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When an African city runs out of fuel

Henri Chauvin

HENRI CHAUVIN is an authority on logging and wood transport in the tropics. He worked for many years in FAO. This article is adapted from one part of a paper he wrote for FAO presentation at the United Nations Conference on New and Renewable Sources of Energy in Nairobi August 1981. The original paper was entitled Comparative evaluation of the possibilities of supplying fuelwood-deficit areas from distant available resources

Ouagadougou, capital of Upper Volta, has a critical situation. Surrounding tree cover is disappearing. Imported oil is out of the question. Wood and charcoal will have to come from distant places. Ivory Coast forests may provide the answer.

Part I: supplying Ouagadougou

Ouagadougou is a typical example of an urban centre whose inhabitants use almost exclusively fuelwood as energy for cooking their food. A rise in population and the rapid disappearance of the forest resources from which the city drew its supplies have, however, caused a growing imbalance between consumption and availability. Fossil fuels and, in particular, oil which might have been able to replace wood to a certain extent have become so expensive that their use has practically ceased. Moreover, they represent a heavy burden on the country which must import all such fuel, and an increase in their consumption cannot be encouraged. The situation is critical because the tree cover around nearby towns and villages is rapidly disappearing, and a solution must be found very quickly.

The effect of present and future reforestation programmes, insufficient to re-establish the balance, will not be felt for several years. Moreover, they are hindered by a very serious shortage of financial, material and human resources. The alternative sources of energy proposed are still scarcely reliable, not easy to use and too expensive to be of much help in the near future.

Without neglecting the development of plantations and research into alternative sources of energy, two immediate steps might considerably modify existing trends and make it possible to restore this balance:

· promote, on a very large scale, the use of stoves capable of more efficient combustion of both fuelwood and charcoal, thus saving the maximum possible energy produced by these fuels; and pursue research in this field to obtain ever higher caloric yields;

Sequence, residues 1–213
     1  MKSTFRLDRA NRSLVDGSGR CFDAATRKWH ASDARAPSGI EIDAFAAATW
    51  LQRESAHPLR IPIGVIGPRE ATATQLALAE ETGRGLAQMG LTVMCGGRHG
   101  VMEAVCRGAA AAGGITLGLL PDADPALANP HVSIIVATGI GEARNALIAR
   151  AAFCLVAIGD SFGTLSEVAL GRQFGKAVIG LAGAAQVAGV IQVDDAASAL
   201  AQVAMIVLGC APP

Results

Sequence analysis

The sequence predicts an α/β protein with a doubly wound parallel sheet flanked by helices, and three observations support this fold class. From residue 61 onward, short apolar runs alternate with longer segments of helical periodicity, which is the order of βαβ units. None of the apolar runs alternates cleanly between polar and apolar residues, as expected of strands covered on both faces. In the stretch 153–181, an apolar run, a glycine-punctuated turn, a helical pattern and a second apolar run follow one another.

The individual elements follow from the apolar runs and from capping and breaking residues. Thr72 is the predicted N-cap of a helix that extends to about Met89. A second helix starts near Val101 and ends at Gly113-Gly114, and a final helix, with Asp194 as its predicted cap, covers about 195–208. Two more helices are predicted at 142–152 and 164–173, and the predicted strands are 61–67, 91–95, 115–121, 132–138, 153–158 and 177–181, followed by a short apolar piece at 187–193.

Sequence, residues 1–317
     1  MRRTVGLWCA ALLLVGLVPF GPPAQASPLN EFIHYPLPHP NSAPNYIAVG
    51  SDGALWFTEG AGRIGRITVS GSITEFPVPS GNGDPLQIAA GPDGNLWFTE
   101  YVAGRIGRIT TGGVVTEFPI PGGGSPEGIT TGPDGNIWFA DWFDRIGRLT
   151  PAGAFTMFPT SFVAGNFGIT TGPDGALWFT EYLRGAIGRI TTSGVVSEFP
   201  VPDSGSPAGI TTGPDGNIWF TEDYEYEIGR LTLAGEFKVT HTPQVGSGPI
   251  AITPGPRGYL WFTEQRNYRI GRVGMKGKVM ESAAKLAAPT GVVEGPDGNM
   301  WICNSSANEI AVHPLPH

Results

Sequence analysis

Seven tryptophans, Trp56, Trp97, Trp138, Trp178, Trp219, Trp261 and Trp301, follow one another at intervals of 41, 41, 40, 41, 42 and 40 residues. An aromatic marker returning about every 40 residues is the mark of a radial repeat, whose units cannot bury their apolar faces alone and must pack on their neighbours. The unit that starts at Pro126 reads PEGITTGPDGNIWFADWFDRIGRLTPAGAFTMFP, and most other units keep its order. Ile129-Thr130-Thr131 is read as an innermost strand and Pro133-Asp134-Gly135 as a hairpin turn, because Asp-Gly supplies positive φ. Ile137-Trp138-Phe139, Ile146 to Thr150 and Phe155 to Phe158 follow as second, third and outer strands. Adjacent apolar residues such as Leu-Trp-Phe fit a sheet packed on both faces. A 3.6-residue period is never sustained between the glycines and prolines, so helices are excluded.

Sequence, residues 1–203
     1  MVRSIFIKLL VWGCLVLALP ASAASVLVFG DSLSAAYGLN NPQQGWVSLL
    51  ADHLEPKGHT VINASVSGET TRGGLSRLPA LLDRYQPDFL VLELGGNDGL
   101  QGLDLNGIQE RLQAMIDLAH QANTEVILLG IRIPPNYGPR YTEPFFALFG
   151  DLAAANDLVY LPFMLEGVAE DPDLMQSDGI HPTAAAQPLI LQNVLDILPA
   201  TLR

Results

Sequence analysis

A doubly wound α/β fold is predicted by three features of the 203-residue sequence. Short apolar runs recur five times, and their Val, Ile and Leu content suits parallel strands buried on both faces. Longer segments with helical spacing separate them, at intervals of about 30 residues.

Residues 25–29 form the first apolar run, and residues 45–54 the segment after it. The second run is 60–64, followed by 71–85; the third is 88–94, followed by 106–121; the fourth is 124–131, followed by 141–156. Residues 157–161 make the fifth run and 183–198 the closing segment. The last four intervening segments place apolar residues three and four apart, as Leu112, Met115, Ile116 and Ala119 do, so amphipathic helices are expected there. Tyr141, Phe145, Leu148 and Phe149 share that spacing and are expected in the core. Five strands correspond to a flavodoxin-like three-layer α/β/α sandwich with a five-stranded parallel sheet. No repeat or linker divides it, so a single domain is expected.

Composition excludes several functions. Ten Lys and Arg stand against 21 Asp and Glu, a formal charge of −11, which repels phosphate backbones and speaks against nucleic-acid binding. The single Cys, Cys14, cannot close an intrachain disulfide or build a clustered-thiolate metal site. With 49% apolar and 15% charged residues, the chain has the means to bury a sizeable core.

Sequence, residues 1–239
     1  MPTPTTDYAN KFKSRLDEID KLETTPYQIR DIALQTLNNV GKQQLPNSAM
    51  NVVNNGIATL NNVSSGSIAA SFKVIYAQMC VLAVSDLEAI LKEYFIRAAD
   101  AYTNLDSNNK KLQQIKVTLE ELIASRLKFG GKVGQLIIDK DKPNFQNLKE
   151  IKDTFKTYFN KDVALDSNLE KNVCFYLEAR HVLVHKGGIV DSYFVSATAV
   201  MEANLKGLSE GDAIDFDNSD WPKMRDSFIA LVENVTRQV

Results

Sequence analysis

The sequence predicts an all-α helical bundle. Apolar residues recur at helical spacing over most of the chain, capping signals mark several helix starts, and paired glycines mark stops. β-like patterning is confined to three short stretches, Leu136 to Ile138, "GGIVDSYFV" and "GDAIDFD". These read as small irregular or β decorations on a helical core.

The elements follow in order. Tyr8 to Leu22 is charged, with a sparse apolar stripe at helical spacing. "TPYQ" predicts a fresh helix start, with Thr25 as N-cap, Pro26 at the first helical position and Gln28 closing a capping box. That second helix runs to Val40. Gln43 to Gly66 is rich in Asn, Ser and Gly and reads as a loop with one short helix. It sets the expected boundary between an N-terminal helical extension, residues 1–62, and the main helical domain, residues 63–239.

· import a sizable proportion of supplies from wood resources outside the country, e.g., from the Ivory Coast, already processed so that they would be cheaper to transport than wood.

These two measures could have a rapid and noticeable impact. To them could be added a more efficient utilization of the local resources, precluding wastage during felling and dressing.

This study deals with the wood-based energy requirements of Ouagadougou and the possibility of the fuelwood surplus of the Ivory Coast helping to meet them.

Only the consumption of energy for cooking is considered here. Wood is by far the main energy source for this activity, which covers also the brewing of "dodo" the local beer - and bread-baking. Electricity and bottled gas are used by only a very small part of the population owing to their cost and the investment required. In addition, gas has the reputation of being dangerous. Oil, which was being increasingly employed for cooking because it was easy to use, relatively low-priced and did not require too much investment, has been hit by steep increases in price. Hardly anyone now uses it for cooking, and it serves mainly for lighting. Solar energy and biogas have been introduced but are still at the strictly experimental stage, although a few installations are in operation. Obviously, they will have little impact on the consumption of wood products in the near future. The use of charcoal is relatively limited but is slowly increasing. This growth rate is faster than that of the population because charcoal has been adopted by certain ethnic groups and social strata whose relative importance is growing.

Consumption of energy

Surveys aimed at determining the fuel consumption of a given population often produce diverging results. The causes of these differences are well known but it is not easy to eliminate them. In the case of Ouagadougou, there have been numerous surveys, but some doubts remain as to the accuracy of their findings. However, it is possible to extract from all the existing data values that may be adopted as working hypotheses.